Check out her blog in the meantime.

Janell Burgess

Photo by and (c)2007 Jina Lee

The dream wedding of dance and drama is showcased on a reality show-style website called Dance 212.

The Web series, now beginning its third season,  follows five dancers from five different second companies (Tap City Youth Ensemble, Taylor 2, ABT II, Graham II and Ailey II.)  The daily episodes are presented video blog-style and aren’t necessarily about dance–hence the “reality TV” side of the relationship.

This can be both good and bad and whether you’ll like it probably depends on why you’re visiting the site in the first place. Although there is footage of some excellent dancing, it’s usually interspersed with content that showcases the personality under all that technique. (This also isn’t inherently bad–dancers are generally interesting people.)

So, bottom line. If you’re looking for footage of Julie Kent performing “Giselle,” this probably isn’t the site for you. However, Dance 212′s focus on younger companies is refreshing and unique and the site is certainly worth a look-see.

(Quick note: an obnoxious downside to the website is the audio track on the homepage. If you’re on a public computer or don’t want to hear a sound-bite about the show à la MTV, mute your speakers before the page loads.)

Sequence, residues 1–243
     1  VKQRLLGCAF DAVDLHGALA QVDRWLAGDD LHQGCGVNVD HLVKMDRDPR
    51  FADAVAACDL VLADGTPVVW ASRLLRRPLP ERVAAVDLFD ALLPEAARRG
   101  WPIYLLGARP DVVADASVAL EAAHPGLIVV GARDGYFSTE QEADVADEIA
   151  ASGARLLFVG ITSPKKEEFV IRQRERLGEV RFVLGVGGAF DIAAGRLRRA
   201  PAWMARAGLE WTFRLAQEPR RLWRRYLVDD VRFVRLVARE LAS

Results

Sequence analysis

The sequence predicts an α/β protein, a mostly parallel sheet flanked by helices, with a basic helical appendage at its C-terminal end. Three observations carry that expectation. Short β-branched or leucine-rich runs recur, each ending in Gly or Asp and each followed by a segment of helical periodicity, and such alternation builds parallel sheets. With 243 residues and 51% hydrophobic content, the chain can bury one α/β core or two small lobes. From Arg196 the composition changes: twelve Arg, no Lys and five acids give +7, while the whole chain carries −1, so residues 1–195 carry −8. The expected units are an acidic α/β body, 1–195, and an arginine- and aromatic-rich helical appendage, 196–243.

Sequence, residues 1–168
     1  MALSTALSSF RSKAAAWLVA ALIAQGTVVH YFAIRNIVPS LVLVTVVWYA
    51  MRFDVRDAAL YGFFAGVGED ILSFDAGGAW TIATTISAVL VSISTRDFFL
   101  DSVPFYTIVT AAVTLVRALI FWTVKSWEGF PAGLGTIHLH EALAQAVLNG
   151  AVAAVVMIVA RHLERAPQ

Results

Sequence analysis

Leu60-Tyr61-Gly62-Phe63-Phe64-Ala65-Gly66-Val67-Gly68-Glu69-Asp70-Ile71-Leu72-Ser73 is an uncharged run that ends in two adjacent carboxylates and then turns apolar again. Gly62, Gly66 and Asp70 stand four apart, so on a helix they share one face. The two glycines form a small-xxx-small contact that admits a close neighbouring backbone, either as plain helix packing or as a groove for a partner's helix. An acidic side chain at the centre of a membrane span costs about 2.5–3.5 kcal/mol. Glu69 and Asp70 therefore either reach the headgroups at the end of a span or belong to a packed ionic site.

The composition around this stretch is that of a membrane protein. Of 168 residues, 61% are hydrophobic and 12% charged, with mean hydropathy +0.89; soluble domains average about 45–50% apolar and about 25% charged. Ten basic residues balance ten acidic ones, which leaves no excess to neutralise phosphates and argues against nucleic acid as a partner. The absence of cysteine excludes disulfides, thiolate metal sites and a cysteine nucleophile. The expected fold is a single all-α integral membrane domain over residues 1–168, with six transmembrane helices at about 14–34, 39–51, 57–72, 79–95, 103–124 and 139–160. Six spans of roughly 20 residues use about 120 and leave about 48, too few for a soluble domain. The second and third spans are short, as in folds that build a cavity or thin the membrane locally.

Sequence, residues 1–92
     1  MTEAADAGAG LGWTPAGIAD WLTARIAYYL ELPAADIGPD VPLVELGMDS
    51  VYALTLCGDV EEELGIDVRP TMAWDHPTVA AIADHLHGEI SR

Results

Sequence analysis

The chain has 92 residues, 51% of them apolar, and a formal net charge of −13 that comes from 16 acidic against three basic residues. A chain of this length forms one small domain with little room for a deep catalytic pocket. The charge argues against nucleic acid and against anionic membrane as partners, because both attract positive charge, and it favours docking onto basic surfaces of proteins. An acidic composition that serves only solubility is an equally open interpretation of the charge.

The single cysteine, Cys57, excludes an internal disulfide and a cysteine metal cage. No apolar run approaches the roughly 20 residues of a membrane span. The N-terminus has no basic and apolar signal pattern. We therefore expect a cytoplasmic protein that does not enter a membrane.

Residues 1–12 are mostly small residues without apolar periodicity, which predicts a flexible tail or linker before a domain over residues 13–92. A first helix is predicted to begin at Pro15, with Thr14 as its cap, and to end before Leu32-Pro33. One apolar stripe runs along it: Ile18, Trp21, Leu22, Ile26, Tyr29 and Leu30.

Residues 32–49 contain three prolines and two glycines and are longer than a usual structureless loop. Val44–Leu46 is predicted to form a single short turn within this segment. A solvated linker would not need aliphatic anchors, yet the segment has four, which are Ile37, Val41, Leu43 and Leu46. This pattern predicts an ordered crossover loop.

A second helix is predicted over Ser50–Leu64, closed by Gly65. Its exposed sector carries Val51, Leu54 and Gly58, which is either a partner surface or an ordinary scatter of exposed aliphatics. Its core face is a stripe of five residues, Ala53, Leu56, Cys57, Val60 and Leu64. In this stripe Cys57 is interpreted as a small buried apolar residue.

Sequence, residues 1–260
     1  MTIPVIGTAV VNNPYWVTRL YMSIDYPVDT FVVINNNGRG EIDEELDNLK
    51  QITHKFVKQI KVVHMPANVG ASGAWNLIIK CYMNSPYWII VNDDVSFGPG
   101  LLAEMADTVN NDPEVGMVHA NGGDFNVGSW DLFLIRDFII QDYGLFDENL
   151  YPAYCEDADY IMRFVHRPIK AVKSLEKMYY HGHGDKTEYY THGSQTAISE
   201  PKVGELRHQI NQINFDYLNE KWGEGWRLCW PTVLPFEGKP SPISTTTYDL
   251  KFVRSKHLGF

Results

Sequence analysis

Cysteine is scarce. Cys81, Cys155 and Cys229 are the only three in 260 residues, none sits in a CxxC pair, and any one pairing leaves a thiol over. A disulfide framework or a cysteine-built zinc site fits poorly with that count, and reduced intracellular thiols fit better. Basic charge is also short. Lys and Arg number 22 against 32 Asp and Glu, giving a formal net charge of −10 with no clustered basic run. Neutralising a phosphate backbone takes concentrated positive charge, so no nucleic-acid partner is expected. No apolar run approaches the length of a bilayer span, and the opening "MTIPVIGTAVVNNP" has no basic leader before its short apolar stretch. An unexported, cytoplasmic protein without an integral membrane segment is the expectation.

Photo courtesy of santanartist on Flickr

Vegas Seven, a free weekly publication, sent writer Ben Conmy to Nevada Ballet Theatre in the name of their Health and Fitness column.

An insightful and quietly dignified article resulted. Find it online here and in their current issue at distribution points throughout the city.

If you didn’t tune into the Jerry Lewis MDA Telethon, fear not. The footage of “Viva ELVIS” performing “Blue Suede Shoes” is available here for your viewing convenience.

Hit up the “Viva ELVIS” page on Facebook to leave comments for them. Use your nifty scroll bar to leave comments for me.

And as the King said so timelessly . . .

Thank you very much.

Autumn in Vegas is a funny thing. We’re not big on carnivals. Crisp leaves are

Photo courtesy of Joaoa on Flickr

sparse  (because palm trees aren’t big on molting.) It may not be hot enough to properly fry an egg on the sidewalk, but you could probably soft-cook it without too much trouble.

For the dance world, though, it’s a little different. Auditions are picking up and productions are kicking off. Promotions are back in full swing.

And for anyone out there that dreams of working for Cirque du Soleil, check out their new Seven Worlds promo video to see exactly what you’re missing.